We received the below from a therapist that works in the Academic arena and wanted to share the response.
I am interested to know why you changed the terminology you use from Oral Motor Exercises to Oral Placement Therapy?
Thank you for your question.
Oral–motor is a term that is still widely used in our field. It is appropriate to use this term when we are discussing the motor skills necessary for feeding. The use of oral motor exercises in a feeding program has never been debated in our field. For example, the pre-feeding activities taught by Lori Overland, or Susan Morris, would be considered “Oral Motor Therapy.” While there is not a one to one relationship between the motor skills for feeding and the motor skills for speech, there is an overlap of the two systems (Morris & Klein, 2000; Overland, 2012; Rosenfeld-Johnson, 2009; Overland & Merkel-Walsh, 2013). This is how the “Three Part Treatment Plan for Speech Clarity and Feeding” was developed. There was some misunderstanding however, that we, at Talktools®, were teaching “non speech exercises” such as tongue wagging, or puffing the cheeks with air in relation to articulation therapy (Lof, 2008).
Clinicians, who represent the Board of Directors for the Oral Motor Institute, have struggled with distinguishing “oral motor therapy”, from the form of “Non Speech Oral Motor Exercises” (NSOME) presented by Gregory Lof (Lof, 2008). The term “Oral Placement Disorder” was coined by Diane Bahr and myself in 2010. Children with OPD cannot imitate targeted speech sounds using auditory and visual stimuli (i.e., “Look, listen, and say what I say”). They also cannot follow specific instructions to produce targeted speech sounds (e.g., “Put your lips together and say m”). Although the term OPD is new, the concepts surrounding the term have been discussed by a number of authors and clinicians (Bahr, 2001, in press; DeThorn et al, 2009; Hammer, 2007; Hayden, 2004, 2006; Kaufman, 2005; Marshalla, 2004; Meek, 1994; Ridley, 2008; Rosenfeld-Johnson, 1999, 2009; Strand, Stoeckel, & Baas, 2006.
Oral Placement Therapy (OPT) is a tactile teaching technique used for children and adults with Oral Placement Disorders, who cannot learn standard speech sound production using auditory and visual teaching methods alone. It is an extension of the Phonetic Placement Therapy (Van Riper, 1954) and The Feedback Model (Mysak, 1971). It is based on a very common sequence (Bahr 2001, Crary 1993, Hayden 2004, Marshalla 2004, Rosenfeld Johnson 1999, 2009, Young and Hawk 1955):
- Facilitate speech movement with the assistance of a therapy tool (ex. TalkTools® Bite Block, horn, tongue depressor) or a tactile-kinesthetic facilitation technique (ex. PROMPT facial cue);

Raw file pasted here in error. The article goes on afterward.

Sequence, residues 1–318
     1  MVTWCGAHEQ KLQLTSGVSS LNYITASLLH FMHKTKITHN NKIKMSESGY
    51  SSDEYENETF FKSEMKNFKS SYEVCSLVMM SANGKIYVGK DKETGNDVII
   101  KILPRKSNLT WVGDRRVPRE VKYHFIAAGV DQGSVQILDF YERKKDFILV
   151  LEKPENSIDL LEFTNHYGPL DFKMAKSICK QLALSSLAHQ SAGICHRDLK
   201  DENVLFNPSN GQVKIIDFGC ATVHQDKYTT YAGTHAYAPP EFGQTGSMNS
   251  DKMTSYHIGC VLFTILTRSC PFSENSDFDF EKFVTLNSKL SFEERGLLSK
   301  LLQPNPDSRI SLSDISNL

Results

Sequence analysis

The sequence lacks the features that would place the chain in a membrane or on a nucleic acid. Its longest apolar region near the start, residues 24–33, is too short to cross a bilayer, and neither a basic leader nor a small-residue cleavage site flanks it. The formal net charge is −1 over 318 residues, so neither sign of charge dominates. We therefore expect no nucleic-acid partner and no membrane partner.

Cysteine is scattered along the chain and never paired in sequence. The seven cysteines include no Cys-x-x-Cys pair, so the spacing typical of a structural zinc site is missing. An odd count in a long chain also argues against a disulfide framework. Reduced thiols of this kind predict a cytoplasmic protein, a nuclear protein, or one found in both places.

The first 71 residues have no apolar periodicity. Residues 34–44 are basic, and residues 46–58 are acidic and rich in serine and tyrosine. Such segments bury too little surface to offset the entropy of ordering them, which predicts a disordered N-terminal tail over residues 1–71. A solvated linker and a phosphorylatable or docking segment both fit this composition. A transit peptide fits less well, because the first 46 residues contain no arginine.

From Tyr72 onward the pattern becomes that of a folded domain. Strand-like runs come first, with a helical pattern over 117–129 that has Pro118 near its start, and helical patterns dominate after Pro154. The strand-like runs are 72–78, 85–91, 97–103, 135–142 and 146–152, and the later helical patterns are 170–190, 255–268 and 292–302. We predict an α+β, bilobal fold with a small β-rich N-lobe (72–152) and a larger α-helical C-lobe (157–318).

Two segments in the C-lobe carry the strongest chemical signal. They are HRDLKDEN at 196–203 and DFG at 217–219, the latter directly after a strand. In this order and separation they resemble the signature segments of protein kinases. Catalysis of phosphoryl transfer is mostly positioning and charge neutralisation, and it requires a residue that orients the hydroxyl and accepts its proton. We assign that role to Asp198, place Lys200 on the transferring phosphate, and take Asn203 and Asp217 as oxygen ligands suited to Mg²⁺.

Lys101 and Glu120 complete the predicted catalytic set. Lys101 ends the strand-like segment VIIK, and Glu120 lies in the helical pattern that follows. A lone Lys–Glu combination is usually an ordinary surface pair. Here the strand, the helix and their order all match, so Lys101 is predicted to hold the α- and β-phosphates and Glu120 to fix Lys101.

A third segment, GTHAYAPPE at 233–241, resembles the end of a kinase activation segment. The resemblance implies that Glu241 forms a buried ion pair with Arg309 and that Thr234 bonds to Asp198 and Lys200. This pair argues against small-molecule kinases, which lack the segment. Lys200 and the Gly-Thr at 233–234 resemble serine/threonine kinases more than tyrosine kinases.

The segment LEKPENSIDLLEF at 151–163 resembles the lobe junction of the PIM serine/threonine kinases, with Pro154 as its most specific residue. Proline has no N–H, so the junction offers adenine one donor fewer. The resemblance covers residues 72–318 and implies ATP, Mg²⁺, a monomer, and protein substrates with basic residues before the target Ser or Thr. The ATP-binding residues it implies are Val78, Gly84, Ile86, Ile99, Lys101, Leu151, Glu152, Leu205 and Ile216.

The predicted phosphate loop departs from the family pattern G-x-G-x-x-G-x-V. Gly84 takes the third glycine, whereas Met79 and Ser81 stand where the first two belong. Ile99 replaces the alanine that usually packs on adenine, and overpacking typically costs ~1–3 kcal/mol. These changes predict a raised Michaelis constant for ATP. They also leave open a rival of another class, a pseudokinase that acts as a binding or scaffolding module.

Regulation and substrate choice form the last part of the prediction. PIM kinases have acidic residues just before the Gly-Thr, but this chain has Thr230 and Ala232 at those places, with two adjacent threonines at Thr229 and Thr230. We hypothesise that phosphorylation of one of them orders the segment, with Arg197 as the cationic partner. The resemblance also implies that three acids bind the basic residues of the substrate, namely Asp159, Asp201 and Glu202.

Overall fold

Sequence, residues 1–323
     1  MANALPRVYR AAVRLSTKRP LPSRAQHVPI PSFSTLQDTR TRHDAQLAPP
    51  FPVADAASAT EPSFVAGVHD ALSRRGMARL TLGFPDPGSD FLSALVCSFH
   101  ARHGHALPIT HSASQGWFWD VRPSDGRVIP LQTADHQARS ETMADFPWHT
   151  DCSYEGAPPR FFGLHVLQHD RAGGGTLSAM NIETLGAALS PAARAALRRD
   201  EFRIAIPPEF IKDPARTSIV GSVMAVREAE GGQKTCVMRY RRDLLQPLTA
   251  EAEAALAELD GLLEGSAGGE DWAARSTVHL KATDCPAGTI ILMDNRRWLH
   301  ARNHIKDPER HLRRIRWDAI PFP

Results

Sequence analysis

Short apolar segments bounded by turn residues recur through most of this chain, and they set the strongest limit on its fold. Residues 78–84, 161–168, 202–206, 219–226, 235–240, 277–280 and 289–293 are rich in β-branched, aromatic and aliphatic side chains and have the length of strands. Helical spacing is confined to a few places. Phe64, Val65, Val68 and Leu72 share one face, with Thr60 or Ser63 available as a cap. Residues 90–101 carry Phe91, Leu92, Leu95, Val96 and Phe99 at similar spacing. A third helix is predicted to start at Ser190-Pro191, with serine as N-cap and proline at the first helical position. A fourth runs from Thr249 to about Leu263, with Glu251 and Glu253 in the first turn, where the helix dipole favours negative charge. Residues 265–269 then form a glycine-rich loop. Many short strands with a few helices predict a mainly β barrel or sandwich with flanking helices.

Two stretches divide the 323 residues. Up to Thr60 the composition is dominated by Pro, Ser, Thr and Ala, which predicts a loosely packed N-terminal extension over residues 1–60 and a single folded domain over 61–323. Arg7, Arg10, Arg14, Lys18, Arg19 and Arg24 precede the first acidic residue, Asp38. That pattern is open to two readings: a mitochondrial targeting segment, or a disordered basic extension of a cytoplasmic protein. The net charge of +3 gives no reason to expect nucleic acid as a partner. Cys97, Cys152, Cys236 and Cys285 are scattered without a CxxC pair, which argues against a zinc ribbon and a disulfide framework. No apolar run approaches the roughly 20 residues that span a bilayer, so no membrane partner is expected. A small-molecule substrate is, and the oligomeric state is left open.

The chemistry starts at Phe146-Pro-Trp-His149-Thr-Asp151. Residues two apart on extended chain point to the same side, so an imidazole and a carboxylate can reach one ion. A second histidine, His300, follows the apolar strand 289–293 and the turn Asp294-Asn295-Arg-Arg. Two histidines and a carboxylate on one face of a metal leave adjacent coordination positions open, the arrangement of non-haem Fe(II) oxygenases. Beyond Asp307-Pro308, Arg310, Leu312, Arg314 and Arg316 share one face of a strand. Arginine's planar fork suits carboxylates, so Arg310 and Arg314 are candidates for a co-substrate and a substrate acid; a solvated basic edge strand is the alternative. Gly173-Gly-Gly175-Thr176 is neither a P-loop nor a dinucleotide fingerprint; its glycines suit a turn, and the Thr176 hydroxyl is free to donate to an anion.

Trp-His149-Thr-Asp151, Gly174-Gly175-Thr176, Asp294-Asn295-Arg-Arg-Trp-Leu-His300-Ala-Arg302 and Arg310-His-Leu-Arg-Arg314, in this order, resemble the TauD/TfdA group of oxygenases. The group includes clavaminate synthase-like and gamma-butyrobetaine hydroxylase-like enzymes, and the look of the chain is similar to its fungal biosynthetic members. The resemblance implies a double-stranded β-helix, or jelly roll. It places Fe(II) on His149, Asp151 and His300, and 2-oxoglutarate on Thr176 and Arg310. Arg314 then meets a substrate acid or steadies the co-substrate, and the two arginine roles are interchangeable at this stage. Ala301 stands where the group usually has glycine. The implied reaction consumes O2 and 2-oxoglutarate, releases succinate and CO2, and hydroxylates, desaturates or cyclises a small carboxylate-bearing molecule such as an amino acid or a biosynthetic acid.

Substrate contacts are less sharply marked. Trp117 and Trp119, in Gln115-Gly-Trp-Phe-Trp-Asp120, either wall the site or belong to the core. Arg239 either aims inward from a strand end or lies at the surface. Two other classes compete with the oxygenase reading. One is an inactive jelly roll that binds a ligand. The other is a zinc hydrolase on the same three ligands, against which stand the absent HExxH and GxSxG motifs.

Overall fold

- Facilitate speech movement without the therapy tool and/or tactile-kinesthetic technique (cue fading);
- Immediately transition movement into speech with and without therapy tools and/or tactile-kinesthetic techniques.
Originally, I referred to this work as “oral motor therapy” as many of the techniques I used were standardized on the adult population and taught for use with clients with the diagnosis of motor speech disorders. In the 1990s when the term “oral motor” was associated with children, it was distorted to include NSOME. Oral Placement Therapy works only on movements needed for speech clarity. OPT facilitates the pre-requisite skills in muscle control to develop dissociation and grading in the muscles of the abdomen, velum, jaw, lips and tongue for clients who cannot approximate the standard speech sounds using the instructions. If the client can produce standard speech using adequate placement and duration using only auditory and visual cueing, OPT would not be included in that client’s program plan.
In summary, the concept of OPT was developed to distinguish muscle based movement for speech, from non speech oral motor exercises (NSOME). The use of oral motor exercises for feeding is still being used in my clinic and is often combined with OPT. While the use of therapy tools and tactile kinesthetic approaches in speech therapy are not new (Marshalla, 2012), it was time to clearly differentiate that we are not teaching non-speech movements to facilitate improved speech clarity. For more detailed information, please refer to my article published with Diane Bahr, in Communications Quarterly entitled: “Treatment of Children with Speech Oral Placement Disorders (OPDs): A Paradigm Emerges.”
Click the below link for a copy of this in PDF format.
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